One of the wonders of the country of Seebee is, that to the north of it is seen a cupola, which is called, in Sindee tongue, Maree, or Gurhee, and when any one goes there, it disapprears from the sight. One time Sultan Mahomed Bukree, taking two or three thousand people, went all over those hills, but he could not see anything of it; he did not find this cupola. It is said that it is a talisman, made by former people, and that beneath it there is treasure. A Durwish once went there, when he found something: after that, on the strength of this many people went there; but none of these found anything. The fort of Seebee is upon a small hill, the stones on which are all round; and as much as the earth is dug, such round stones are found. In Kore Zumeen, which is a part of Seebee, the cotton plants are as large as Bheree trees, and the men there, getting on horseback, pluck the cotton. On each of these plants there are always one or two hundred snakes, which are knocked off by sticks, when the cotton is gathered: if a person is bitten by one of these, the part is pricked at the time with the point of a knife, and the blood drawn out, and he generally recovers. A small river near Seebee ran over brimstone: if any one drank the water, he became sick— many have died of this sickness; but it did not affect the inhabitants, because it had become habitual to them. Sultan Mahomed every year sent people to try this water, and the greater part of them always died. In the time of Khilafut Punahee, a great flood of waters came, and taking this brimstone out by the roots, washed it away; from which time the sickness has been less. The water of this river runs 50 kos beyond Seebee, collecting at Saroh, where it is taken away for the fields; that which is in excess flows into the lake of Munchoor, which is near Sehwan. On the banks of that lake there are many snakes, the bite of which few survive. The men about there wear very long, wide drawers, to defend themselves.

I went there, and saw the men irrigating their fields; and as I was going along, I saw snakes at every step of my horse. I wished to dis­mount, but for fear of these I did not do so, going off to a distance in the plain for that purpose. In the country of Seebee, there were formerly many forts, and much cultivation; but all has now become deserted. The hot winds blow there. The country between Seebee, Dehra, and Kushmoor is called Bargan, the horses of which are not inferior to those of Irag: when a foal is born, they place it upon gravel, upon which it walks for one year, and its hoofs become like stone; so much so, that it is not necessary to shoe, and these go amongst the hills without shoes.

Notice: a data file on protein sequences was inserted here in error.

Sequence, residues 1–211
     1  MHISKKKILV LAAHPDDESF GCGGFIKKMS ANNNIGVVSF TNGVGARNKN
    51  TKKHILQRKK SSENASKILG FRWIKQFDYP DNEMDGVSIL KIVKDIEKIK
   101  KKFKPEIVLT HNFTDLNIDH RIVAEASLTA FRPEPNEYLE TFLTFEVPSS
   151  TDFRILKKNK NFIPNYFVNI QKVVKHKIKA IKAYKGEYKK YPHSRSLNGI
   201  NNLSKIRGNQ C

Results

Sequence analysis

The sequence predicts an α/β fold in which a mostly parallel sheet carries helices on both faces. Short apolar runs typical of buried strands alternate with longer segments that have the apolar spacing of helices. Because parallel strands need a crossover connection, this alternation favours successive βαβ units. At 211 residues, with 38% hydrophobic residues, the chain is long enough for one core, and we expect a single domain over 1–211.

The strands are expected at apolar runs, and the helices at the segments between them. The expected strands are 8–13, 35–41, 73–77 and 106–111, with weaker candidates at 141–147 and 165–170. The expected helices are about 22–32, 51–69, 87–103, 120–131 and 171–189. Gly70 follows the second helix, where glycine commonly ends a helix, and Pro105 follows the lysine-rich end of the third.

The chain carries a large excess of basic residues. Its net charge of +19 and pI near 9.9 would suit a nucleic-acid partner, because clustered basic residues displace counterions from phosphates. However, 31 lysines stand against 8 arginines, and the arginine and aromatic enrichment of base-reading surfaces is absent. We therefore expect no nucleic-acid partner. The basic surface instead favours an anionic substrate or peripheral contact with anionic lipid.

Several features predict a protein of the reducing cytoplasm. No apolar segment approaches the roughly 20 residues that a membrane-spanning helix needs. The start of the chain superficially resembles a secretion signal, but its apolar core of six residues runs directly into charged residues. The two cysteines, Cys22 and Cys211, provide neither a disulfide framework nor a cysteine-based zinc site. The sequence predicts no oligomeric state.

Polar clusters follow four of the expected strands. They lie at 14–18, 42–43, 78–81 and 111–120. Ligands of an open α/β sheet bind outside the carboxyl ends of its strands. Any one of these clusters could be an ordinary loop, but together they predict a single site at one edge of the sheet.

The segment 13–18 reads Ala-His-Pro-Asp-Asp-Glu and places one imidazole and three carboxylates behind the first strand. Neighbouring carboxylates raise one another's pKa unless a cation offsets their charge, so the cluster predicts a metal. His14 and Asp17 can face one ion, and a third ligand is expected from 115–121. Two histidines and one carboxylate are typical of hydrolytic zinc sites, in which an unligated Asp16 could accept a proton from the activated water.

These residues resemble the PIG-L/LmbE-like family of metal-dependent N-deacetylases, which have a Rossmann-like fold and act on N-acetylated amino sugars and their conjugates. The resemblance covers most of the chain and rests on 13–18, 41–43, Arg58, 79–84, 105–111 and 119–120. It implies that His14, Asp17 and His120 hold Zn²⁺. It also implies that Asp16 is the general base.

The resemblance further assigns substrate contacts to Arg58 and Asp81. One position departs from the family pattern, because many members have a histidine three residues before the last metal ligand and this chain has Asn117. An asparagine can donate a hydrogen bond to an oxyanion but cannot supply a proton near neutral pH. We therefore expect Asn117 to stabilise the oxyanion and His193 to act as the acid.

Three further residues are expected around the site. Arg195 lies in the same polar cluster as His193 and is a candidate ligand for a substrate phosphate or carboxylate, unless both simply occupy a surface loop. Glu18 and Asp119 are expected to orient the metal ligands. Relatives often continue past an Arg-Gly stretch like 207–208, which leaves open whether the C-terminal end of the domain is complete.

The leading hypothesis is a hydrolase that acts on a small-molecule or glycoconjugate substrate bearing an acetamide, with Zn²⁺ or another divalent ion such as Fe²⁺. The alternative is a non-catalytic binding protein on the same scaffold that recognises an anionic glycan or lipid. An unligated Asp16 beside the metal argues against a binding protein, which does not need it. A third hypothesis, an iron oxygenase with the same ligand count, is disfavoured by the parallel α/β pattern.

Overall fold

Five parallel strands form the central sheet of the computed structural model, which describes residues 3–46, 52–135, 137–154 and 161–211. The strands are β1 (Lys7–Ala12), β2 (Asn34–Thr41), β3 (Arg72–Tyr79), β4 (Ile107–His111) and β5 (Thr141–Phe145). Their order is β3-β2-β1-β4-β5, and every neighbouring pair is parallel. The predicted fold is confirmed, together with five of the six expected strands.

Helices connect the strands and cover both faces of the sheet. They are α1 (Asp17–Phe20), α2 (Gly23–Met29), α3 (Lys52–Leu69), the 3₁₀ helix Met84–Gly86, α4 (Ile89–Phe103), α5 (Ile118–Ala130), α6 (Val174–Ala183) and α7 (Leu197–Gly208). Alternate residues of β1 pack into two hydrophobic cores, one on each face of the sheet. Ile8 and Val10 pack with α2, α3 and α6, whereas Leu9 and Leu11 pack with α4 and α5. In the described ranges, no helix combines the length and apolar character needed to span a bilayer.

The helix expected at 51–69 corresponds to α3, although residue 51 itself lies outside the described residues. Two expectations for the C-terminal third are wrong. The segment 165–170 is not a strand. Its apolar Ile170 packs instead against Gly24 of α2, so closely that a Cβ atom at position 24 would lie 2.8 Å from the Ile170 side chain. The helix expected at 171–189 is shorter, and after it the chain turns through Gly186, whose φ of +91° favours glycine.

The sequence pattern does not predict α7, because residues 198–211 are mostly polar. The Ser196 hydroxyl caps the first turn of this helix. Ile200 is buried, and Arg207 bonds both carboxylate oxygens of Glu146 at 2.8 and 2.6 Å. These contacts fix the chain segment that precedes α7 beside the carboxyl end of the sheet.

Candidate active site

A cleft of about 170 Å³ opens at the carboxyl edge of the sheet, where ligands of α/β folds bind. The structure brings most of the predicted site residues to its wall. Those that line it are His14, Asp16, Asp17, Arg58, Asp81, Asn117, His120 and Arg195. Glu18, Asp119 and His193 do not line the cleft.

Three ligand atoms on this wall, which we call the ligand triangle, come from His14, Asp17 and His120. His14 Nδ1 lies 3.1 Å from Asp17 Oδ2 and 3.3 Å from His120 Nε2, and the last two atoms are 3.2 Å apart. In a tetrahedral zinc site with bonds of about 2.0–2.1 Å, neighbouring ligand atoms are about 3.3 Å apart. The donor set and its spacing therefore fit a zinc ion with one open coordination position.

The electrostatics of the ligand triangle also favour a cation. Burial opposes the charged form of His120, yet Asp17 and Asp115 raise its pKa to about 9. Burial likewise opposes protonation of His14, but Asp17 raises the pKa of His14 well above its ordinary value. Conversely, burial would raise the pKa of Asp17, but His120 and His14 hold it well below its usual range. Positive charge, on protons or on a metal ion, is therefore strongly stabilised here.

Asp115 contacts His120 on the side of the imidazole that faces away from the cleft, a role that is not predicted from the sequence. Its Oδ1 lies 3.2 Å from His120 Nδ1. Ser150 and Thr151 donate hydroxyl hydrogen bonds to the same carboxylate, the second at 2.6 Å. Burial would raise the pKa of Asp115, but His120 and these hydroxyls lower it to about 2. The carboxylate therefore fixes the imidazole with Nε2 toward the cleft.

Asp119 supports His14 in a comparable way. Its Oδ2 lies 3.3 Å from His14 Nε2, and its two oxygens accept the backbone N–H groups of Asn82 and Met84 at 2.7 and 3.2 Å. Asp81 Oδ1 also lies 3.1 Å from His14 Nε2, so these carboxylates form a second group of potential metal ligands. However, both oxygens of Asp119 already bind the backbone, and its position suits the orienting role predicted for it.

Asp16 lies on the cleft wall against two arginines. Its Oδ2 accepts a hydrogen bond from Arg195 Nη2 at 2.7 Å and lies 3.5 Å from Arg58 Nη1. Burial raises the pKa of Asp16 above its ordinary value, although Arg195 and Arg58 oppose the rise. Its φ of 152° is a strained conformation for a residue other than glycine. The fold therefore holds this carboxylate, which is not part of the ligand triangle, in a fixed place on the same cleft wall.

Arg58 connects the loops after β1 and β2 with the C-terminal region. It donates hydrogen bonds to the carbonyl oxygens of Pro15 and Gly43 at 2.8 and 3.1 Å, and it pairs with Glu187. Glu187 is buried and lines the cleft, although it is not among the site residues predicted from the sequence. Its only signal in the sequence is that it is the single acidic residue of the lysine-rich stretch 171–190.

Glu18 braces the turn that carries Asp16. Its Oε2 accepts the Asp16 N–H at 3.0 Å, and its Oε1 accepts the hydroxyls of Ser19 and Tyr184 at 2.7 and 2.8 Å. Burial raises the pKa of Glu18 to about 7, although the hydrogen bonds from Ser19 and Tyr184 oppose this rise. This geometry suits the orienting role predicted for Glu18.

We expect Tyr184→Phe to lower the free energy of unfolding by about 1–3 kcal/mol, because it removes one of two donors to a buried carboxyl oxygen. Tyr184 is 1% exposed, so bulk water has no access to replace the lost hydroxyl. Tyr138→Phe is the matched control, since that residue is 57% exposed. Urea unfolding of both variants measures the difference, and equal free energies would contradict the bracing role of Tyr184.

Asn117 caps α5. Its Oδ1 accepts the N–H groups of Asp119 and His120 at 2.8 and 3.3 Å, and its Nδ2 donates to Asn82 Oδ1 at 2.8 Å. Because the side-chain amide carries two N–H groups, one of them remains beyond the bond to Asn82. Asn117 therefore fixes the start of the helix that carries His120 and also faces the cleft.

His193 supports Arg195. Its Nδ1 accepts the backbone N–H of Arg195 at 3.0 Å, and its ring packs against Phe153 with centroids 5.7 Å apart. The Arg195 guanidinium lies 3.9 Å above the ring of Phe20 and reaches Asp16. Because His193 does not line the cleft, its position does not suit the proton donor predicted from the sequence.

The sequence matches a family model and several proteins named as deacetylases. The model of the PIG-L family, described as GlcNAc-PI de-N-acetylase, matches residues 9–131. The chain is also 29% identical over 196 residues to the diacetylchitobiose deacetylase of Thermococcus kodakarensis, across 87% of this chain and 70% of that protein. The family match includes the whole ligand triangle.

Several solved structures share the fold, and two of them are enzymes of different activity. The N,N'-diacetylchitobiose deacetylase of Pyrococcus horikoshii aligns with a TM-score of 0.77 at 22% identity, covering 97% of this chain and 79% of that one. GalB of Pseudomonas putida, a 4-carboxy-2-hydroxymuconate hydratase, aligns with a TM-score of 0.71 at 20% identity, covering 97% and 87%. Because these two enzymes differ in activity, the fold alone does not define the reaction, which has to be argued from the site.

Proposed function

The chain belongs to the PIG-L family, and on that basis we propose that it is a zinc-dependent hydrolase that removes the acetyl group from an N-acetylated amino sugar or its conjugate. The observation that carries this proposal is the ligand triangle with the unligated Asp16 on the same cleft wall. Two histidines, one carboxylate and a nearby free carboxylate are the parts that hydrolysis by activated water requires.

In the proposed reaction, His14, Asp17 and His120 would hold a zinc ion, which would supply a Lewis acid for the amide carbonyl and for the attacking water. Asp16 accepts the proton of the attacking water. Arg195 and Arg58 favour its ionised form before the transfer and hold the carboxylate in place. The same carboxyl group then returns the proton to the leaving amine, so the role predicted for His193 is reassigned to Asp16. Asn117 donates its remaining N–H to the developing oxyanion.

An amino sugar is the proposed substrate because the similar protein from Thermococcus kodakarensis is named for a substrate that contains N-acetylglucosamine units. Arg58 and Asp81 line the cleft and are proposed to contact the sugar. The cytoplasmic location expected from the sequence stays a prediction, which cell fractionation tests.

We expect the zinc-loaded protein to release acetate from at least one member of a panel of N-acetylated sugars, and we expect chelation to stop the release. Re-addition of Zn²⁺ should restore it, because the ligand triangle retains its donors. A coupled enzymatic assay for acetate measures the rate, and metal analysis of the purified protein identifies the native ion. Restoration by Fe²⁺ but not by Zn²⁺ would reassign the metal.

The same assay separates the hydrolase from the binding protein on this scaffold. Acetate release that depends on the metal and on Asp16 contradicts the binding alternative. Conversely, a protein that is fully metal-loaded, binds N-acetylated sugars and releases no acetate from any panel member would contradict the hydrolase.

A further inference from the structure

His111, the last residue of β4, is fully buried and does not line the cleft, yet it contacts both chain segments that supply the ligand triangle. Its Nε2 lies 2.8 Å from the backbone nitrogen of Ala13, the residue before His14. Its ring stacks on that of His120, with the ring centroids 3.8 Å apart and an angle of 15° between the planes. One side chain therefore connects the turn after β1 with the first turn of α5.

A tribe remains at Chauttr, called Kuheree. The reason of their having this name is this: Kuheer is the name of a tree, on one of which one of their ancestors mounted, and striking it with his whip, it moved like a horse: in this manner the name Kuheree originated. Near Gunjabah, which is part of Seebee, there is a place where water comes forth, and with this, fishes; much ground is occupied by this water. Amongst the hills at Gunjabah there is one very high and perpendicular: from this hangs an iron cage, in which, it is said, there is something— the hand cannot reach it: if any one, by getting to the top from the other side, tries to get hold of it, it goes far from him, and if one attempts to get up to it from below, it rises, or goes to one side, the earth underneath appearing to recede far away. Seebee and Gunjabah are in this way: the hills of Sitore and the river Ab Kuseedah (drawn water) from Seebee and Gunjabah run to the river Sind. All this country is desert. The road to Kandahar lays over this Rhunn, which is 100 kos in length from the river to Seebee, and it is 60 kos in breadth. For four months in the days of the sun, the hot winds prevail here.